The global supply chain has a dirty little secret. The ocean is a big place, and cargo ships — particularly fishing vessels with commercial fish totes — are eschewing federal regulations by transferring cargo in international waters.
What’s known as transshipment, or the act of transferring cargo from one vessel to another, has led to a rise in illegal fishing activity and other nefarious acts. While the international community is working to combat these crimes, progress has been slow at best.
Read on to learn more about transshipment as it relates to the fishing industry and how it’s leading to a surge in illegal activity.
What Is Transshipment?
Transshipment refers to the process of transferring goods or international shipping crates from one mode of transportation to another. This usually occurs at a distribution center somewhere in between the point of departure and the destination. Goods may travel by boat from the eastern shores of the U.S. to a distribution center in England where they are then transferred to a freight truck that will be used to complete the final leg of the trip. Transshipment is an integral part of the global supply chain as companies use multiple forms of transportation to move goods all over the world. The exchange may be from boat-to-boat, truck-to-truck, plane-to-truck or whatever gets the job done. Some goods may even go through several transshipment centers en route to their destination. It all depends on the destination and finding the most economical way to move products from point a to b.
Transshipment and the Fishing Industry
Transshipment in the fishing industry is inherently different from the rest of the global supply chain. For starters, that middle-point distribution center doesn’t really exist in the middle of the ocean. The point of exchange is always moving. Two ships could exchange insulated storage containers filled with fish off the coast of a major city or port — or in the middle of the ocean. This makes it difficult to track and monitor certain aspects of the supply chain, especially if vessels aren’t equipped with satellite GPS monitoring or they simply choose to hide their location by disabling this technology.
Instead, large refrigerated vessels known as “reefers” will typically anchor themselves near a fishing vessel to allow for the transfer of cargo. These reefers will then refrigerate the freshly caught fish and transport them back to shore for distribution, usually to grocery stores, restaurants and food manufacturers.
The Dark Side of Transshipment
When two ships are exchanging shipping crates in the middle of the ocean, things tend to get murky. This point of exchange usually occurs outside the jurisdiction of any one country, protecting fisherman and companies from the wrath of international regulations and the criminal justice system. This has led to a surge in illegal fishing, with experts estimating that as much as a third of the world’s seafood could be illegal. There have also been reports of fisherman being lured onto these vessels and forced into slavery, toiling away in servitude for years on the high seas.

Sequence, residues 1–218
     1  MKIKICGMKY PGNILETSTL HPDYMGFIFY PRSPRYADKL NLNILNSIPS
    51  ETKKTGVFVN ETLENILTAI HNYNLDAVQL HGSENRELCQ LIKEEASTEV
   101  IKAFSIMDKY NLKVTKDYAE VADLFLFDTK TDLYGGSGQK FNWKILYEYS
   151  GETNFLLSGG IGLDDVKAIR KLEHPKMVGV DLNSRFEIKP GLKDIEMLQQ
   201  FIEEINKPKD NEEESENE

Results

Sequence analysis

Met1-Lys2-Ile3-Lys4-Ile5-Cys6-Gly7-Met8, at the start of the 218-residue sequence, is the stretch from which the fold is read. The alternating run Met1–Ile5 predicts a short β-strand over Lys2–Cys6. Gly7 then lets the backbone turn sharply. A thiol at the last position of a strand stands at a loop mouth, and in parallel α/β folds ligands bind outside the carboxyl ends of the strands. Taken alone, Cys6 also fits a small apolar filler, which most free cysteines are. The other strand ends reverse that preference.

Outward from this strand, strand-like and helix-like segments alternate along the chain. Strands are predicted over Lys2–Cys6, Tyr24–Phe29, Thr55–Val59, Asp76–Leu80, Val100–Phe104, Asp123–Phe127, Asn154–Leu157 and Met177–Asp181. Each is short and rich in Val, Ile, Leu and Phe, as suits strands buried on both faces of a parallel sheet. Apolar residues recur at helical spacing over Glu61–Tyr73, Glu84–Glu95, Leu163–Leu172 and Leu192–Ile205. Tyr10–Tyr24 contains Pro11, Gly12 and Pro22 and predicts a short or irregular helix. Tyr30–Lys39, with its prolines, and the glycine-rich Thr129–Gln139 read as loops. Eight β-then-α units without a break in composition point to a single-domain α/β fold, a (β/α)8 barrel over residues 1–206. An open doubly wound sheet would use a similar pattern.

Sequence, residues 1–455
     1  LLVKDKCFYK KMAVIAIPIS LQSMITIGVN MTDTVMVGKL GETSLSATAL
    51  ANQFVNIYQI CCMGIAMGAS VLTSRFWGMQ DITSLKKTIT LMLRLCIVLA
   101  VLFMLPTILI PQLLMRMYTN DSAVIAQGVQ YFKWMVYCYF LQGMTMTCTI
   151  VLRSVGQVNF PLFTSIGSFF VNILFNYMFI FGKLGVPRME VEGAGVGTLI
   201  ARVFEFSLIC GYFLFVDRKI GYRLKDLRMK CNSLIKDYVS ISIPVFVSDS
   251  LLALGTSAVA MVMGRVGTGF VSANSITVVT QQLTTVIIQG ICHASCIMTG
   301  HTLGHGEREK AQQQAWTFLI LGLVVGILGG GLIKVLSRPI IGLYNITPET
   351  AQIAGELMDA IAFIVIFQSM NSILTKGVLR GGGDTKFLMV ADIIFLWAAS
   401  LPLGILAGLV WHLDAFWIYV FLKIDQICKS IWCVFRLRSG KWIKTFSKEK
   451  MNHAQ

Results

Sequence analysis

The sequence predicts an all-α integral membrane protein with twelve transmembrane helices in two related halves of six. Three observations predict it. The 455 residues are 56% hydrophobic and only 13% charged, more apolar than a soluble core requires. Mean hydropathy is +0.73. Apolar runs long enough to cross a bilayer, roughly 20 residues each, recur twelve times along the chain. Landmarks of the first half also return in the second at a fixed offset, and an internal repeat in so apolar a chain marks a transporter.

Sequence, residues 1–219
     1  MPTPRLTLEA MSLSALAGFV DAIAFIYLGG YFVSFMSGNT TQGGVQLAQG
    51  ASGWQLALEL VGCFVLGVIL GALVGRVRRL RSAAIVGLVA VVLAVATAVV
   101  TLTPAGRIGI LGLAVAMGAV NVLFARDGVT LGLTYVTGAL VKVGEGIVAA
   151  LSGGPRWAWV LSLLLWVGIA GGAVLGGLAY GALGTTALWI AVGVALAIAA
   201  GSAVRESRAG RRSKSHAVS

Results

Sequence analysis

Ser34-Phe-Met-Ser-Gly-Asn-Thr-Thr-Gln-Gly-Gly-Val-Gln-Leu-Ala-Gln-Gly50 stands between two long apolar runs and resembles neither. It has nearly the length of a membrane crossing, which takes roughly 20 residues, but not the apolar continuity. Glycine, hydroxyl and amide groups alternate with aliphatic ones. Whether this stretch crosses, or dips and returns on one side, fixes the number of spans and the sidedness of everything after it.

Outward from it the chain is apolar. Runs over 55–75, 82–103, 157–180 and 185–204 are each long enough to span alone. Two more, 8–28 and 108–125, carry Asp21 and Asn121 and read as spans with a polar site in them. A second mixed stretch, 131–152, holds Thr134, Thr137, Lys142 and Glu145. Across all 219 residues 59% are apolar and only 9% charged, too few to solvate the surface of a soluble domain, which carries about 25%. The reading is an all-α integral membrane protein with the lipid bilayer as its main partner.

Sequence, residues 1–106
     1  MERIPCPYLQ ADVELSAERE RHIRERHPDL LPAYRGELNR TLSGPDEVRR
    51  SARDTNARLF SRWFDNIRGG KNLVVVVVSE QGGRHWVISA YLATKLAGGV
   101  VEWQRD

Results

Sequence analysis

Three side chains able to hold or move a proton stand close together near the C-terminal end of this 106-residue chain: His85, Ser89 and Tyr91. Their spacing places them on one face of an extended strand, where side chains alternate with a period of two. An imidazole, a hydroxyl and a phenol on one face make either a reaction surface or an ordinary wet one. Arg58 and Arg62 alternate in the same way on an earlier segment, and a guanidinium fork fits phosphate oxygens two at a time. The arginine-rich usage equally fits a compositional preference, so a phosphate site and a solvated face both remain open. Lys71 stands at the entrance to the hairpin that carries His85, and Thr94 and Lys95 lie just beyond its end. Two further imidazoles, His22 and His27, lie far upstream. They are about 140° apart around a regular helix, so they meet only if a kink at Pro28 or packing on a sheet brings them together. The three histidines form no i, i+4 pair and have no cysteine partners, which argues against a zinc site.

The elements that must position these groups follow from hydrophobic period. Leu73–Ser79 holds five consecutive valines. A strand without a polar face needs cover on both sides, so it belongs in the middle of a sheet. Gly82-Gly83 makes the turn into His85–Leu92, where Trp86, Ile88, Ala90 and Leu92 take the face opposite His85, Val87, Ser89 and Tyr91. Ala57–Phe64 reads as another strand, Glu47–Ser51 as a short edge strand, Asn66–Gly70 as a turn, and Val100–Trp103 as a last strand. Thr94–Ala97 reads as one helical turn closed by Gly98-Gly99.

The oceans are changing rapidly, and nations all over the world are racing to protect some species of fish from extinction. These types of fish tend to be rare, which gives illegal fisheries incentive to harvest them and sell them to the highest bidder. Transshipment provides cover for these individuals, as they get the fish to market while keeping their identity anonymous. Transshipment also encourages other types of illegal fishing. Some vessels may decline to report their activities to the authorities so that they can avoid paying taxes. Some vessels may also be fishing without a license or subjecting their employees to inhumane working conditions, such as forced labor and other human rights abuses.
Of course, not all transshipment in the fishing industry results in illegal activity. Vessels may use transshipment to refuel, restock supplies or simply unload some fake rolex product so they can keep fishing without returning to shore.
Seafood continues to be a massive global enterprise, expected to rise to over $155 billion by the year 2023. With coastal nations all over the world harvesting, processing and shipping seafood around the globe, preventing and prosecuting these crimes remains a costly and overwhelming challenge.
What Are We Doing to Stop Illegal Fishing?
The systemic problem of illegal fishing continues to plague industry experts around the globe. With the lawless nature of the open seas and ships coming from all different directions, making sense of the problem remains a herculean task.
The U.N. Speaks Out
Fortunately, efforts are being made to combat the problem. The U.N. Food and Agriculture Organization (FAO) continues to bring attention to the issue. Last summer, the FAO held the 33rd session of its Committee on Fisheries (COFI), a biennial meeting that focuses on addressing issues in the global fishing industry. The problems associated with transshipment were on full display. Industry experts and scientists attended the conference to speak to the urgency of these issues. The event put a spotlight on illegal fishing and its effect on the environment as some fishing populations teeter on the verge of extinction. The conference also turned the world’s attention to the human rights abuses being committed within the illegal fishing industry.
Members of the FAO pointed to transshipment as the main source of the problem. The group encouraged all nations to adopt stricter fishing regulations and policies. Members also called for greater transparency in the fishing industry. Collecting data on fishing vessels remains a vexing chore. These vessels belong to dozens of different companies and nations, which makes it difficult for regulators to get a sense of how illegally-caught fish makes its way into the market.
Every individual vessel or reefer would have to have its own tracking system, sending out data on its location in real-time. Vessels are already required to carry a transceiver to help ships avoid collision, but these rules may not always be enforced, and some vessels may intentionally hide their location. This data would then need to be made available to all relevant bodies, including different governments, national and international organizations. Once these vessels share this information, authorities will need to cooperate across borders to make sure the law is upheld.